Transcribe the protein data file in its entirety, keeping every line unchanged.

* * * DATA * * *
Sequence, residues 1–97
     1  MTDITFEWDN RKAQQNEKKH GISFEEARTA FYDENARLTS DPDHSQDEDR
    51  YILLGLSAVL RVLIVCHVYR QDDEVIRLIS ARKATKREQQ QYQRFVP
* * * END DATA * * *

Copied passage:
Sequence, residues 1–97
     1  MTDITFEWDN RKAQQNEKKH GISFEEARTA FYDENARLTS DPDHSQDEDR
    51  YILLGLSAVL RVLIVCHVYR QDDEVIRLIS ARKATKREQQ QYQRFVP